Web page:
Gavin Williamson has accused the prime minister of mishandling his sacking, telling Sky News it was a “shabby and discredited witch hunt”.

The former defence secretary told Sky News’ political editor Beth Rigby he wanted a “full and impartial investigation” into the Huawei leak that led to his dismissal, with Scotland Yard having said it was satisfied that the disclosure from a National Security Council (NSC) meeting did not breach the Official Secrets Act.

Mr Williamson said: “With the Metropolitan Police not willing to do an criminal investigation, it is clear a proper, full and impartial investigation needs to be conducted on this shabby and discredited witch hunt that has been so badly mishandled by both the prime minister and Mark Sedwill.”

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Some at Westminster had called for a criminal investigation into the leak of a decision to green-light a bid by Chinese telecoms giant Huawei to help build Britain’s 5G network, details of which found their way into the media last month.

Theresa May has defended her decision to dismiss Mr Williamson after an inquiry found “compelling evidence” that he leaked the information.

Theresa May has refused to say whether she will hand over a copy of the Huawei leak report to Gavin Williamson.

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She told Sky News on Friday she has confidence the inquiry that led to him being fired was “properly conducted”.

The prime minister added: “The importance of this was not about the information that was leaked, it was where it was leaked from. This was about the NSC and trust in the NSC.”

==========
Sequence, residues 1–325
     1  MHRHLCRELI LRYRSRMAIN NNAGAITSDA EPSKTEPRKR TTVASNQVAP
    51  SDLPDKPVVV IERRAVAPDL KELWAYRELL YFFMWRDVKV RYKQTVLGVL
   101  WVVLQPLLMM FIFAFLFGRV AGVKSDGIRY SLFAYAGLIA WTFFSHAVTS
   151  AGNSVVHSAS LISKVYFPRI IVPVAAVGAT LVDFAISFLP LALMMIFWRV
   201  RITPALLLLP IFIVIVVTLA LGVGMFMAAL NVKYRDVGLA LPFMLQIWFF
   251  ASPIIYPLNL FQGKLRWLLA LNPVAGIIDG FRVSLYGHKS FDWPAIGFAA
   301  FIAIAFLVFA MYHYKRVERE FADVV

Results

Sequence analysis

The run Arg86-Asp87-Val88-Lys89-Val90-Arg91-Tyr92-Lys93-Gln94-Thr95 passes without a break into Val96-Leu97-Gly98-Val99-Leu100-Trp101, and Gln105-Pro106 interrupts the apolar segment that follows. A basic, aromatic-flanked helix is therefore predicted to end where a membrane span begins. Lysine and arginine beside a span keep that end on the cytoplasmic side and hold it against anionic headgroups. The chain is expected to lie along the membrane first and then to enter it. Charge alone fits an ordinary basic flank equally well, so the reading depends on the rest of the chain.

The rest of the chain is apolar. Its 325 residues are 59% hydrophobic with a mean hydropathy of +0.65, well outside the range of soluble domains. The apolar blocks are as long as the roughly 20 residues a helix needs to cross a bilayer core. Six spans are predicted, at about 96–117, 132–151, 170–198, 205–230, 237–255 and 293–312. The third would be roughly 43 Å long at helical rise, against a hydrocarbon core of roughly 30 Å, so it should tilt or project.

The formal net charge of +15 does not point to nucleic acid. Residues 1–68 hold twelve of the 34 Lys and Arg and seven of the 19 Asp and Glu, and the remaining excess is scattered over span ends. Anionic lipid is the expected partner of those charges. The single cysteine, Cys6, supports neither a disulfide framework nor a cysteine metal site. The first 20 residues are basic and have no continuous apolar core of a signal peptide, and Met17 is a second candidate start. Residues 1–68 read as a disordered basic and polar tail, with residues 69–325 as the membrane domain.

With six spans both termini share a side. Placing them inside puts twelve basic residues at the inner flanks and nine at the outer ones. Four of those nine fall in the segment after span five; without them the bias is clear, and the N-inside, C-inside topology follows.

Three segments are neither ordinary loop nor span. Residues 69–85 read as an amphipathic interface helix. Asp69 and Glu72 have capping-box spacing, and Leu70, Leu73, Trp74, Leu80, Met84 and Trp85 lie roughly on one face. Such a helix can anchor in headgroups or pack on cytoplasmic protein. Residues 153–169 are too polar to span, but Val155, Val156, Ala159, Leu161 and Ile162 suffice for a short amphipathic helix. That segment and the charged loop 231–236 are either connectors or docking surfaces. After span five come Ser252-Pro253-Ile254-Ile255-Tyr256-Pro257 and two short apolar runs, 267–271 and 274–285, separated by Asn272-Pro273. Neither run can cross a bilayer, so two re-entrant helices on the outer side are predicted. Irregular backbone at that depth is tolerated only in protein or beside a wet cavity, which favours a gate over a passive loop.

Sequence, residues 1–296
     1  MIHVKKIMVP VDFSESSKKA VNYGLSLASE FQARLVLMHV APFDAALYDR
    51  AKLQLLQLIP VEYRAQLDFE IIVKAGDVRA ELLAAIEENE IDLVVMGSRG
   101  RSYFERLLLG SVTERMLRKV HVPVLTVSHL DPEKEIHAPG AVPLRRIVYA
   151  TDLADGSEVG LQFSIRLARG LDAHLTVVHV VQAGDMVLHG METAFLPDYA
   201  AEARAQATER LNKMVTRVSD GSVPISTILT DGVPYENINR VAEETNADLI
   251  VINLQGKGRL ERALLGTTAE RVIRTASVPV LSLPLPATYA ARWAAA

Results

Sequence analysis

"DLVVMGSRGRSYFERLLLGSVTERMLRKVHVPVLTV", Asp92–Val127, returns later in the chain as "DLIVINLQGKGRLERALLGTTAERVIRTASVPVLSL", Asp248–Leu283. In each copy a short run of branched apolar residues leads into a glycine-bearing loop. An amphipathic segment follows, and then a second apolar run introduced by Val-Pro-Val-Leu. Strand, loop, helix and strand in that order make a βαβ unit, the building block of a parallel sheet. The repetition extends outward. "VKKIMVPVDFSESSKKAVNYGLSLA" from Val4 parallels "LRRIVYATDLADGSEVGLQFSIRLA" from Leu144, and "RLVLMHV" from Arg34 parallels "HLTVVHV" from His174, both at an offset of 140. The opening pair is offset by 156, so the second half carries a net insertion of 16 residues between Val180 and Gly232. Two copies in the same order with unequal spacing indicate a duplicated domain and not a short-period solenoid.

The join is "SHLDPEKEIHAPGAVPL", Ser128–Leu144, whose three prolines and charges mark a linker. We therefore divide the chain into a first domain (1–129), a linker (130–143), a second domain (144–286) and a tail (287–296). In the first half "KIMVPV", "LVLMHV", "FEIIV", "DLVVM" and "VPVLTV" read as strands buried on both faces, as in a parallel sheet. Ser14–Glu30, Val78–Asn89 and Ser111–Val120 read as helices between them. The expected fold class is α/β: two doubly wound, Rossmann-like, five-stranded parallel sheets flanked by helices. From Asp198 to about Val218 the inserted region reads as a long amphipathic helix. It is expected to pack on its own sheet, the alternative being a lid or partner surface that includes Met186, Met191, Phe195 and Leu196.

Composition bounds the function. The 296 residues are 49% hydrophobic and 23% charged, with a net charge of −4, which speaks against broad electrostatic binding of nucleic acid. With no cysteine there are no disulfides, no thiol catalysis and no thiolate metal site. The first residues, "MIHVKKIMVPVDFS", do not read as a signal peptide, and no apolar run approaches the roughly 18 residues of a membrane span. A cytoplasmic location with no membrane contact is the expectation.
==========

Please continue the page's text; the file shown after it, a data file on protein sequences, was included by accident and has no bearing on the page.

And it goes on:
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Mr Williamson has asked for a copy of the report that led to his dismissal, but Mrs May refused to answer directly to his plea when asked by Beth Rigby.

“This was an inquiry that was properly conducted, it was conducted in the way that one would expect an inquiry of this sort to be conducted,” she said.

“As a result, I took the decision that it was necessary for the then secretary of state for defence to leave his post.”

Beth Rigby said “this is the story that the prime minister wanted to go away” and that Mr Williamson had now “come out all guns blazing”.

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There has been no official confirmation from the government that it does plan to allow Huawei to play a key role in the development of 5G in the UK, amid concerns it could enable spying by the Chinese government.

Australia, New Zealand and the US are among the western nations to have barred the company from supplying vital elements of their infrastructure, and Canada could follow suit.

Following reports that the NSC had decided to allow Huawei to be involved in Britain, Downing Street said: “We don’t comment on NSC discussions.”

But the cabinet office has discussed the leak with Met Police Assistant Commissioner Neil Basu, who said he had also taken legal advice over the fallout.

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He said he was “satisfied that the disclosure did not amount to a criminal offence” and that it was not a matter for the police, adding: “Any organisation has the right to conduct an internal investigation into conduct in the workplace. It is not a matter for the police unless a crime is alleged.

“No crime has been alleged by the owner of the material and I am clear that the leak did not cause damage to the public interest at a level at which it would be necessary to engage Misconduct in a Public Office.

“It would be inappropriate to carry out a police investigation in these circumstances.”

Mr Williamson – who has been replaced as defence secretary by Penny Mordaunt – previously told Sky News he would get the “nicest apology” from the prime minister if a criminal inquiry had gone ahead.

He had been “massively comfortable” with the prospect, adding that he was “visibly shocked” when he was informed of the decision to sack him.

More follows…

This story was originally published on Sky News Technology

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